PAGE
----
Under the wave of health care reform requirements, the benefits arena continues to evolve. For this reason, it’s an ideal time to connect with employers to help them understand and adjust their benefits approach as needed.

The challenge: Connecting with millennial employees

During this time of change, some employers are considering shifting the cost of what traditionally have been employer-paid ancillary benefits — including long-term disability insurance — to employees as a voluntary offering. Many employers have realized cost savings from this tactic, as it allows them to offer additional products and services to their employees at little or no expense.

Although your customers may be placing a greater emphasis on voluntary plans, their millennial employees often are unaware of the reasons to elect coverage. If this younger employee base doesn’t understand voluntary options, it could result in lower enrollment and hurt your clients financially.

Harnessing millennials’ demand for information

A benefits offering is only as strong as its enrollment strategy. For millennials in particular, a benefits approach that includes voluntary benefits should be backed by a strong educational campaign and supported through online enrollment.

Serve as a consultant to your customers by recommending innovative tools and tactics to boost enrollment among this subset of employees.

1. Education: Provide it online for millennials. Millennial employees want information at their fingertips. Using online tools is one way to inform them of the need for coverage, which can, in turn, encourage enrollment.

Insurance carriers and industry groups offer educational resources that demonstrate the value of coverage. Direct your customers to online tools, such as the Council for Disability Awareness’ Personal Disability Quotient calculator and Earnable Income Quotient, to help millennials understand the financial impact of a disabling illness or injury.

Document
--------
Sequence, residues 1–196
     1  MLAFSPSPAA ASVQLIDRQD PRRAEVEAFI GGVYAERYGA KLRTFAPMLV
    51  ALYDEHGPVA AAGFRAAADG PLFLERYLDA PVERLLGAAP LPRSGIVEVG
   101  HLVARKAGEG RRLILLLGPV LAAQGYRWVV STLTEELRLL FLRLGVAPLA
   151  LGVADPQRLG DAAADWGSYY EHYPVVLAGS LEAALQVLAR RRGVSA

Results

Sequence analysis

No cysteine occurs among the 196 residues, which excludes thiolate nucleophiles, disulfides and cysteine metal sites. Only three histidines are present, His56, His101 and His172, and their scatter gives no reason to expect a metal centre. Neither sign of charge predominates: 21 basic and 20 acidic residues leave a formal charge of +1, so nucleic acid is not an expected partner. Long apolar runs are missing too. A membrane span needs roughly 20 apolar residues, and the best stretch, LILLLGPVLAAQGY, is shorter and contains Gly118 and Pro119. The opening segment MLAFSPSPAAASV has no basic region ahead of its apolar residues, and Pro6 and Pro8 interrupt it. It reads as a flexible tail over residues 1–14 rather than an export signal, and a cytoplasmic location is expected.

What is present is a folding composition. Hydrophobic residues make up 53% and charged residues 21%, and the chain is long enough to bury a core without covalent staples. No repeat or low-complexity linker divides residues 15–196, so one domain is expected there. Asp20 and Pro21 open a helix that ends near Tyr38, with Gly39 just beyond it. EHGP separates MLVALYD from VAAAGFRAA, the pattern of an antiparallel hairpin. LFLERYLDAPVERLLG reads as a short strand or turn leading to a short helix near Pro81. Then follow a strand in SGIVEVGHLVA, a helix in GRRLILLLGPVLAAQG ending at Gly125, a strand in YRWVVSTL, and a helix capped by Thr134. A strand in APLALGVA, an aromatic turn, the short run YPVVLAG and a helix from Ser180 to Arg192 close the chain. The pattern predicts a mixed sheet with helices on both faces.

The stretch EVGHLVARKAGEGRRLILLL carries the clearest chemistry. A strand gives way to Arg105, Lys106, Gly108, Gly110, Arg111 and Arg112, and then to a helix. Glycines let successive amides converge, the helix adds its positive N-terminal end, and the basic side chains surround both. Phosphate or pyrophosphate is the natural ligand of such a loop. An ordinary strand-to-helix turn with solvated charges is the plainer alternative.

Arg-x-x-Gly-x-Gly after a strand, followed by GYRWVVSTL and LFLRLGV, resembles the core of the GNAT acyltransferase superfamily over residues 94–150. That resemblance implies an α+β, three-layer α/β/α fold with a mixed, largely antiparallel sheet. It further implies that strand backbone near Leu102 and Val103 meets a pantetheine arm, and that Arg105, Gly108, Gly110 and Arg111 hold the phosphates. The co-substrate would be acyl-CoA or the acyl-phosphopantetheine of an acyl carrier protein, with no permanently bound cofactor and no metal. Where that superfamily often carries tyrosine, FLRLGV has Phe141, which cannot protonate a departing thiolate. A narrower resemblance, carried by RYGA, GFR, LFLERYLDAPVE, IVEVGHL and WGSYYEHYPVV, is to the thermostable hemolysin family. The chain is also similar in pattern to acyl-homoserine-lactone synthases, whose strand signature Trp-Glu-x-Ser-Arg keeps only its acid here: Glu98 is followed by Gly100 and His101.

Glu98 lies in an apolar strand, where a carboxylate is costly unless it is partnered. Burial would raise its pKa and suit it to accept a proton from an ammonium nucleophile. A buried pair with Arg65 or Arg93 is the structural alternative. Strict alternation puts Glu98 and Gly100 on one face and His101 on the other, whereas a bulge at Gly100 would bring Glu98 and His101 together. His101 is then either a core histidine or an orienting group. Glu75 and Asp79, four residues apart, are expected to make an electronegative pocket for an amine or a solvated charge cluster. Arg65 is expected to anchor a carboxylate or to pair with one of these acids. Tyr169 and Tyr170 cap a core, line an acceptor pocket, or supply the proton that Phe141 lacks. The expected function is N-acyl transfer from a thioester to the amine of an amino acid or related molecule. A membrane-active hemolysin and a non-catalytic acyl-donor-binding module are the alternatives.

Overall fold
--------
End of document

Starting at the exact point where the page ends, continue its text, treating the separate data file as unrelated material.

2. Enrollment: Go paperless. Once millennial employees are aware of the need for disability insurance, suggest that your customers go a step further to drive enrollment by implementing paperless enrollment.

Online enrollment provides millennials with a go-to benefits resource that can help simplify the process. Websites for online enrollment can be customized to include your clients’ benefits, in addition to features that help millennials learn the basics of how their unique policies work.

Also consider explaining how online enrollment can benefit your customers. Paperless enrollment can streamline documentation and enables easy updates to benefits profiles — reducing the amount of time that your clients have to spend sending updates to carriers.

Attracting and retaining millennial talent

As market forces impact employee benefits, you can strive to add value by recommending that your clients adjust their benefits offerings to attract and retain top millennial talent. These tactics can increase participation among millennial employees — and help your clients meet their goals to reduce health- and benefits-related costs.

Daily, second vice president of clinical and vocational services, oversees the clinical and return-to-work staff and works closely with The Standard’s medical director, physician staff and consultants.

About The Standard

The Standard is a marketing name for StanCorp Financial Group, Inc. and subsidiaries. Insurance products are offered by Standard Insurance Company of Portland, Ore. in all states except New
York, where insurance products are offered by The Standard Life Insurance Company of New York of White Plains, N.Y. Product features and availability vary by state and company, and are solely
the responsibility of each subsidiary. Each company is solely responsible for its own financial condition. Standard Insurance Company is licensed to solicit insurance business in all states except New York. The Standard Life Insurance Company of New York is licensed to solicit insurance business in only the state of New York.

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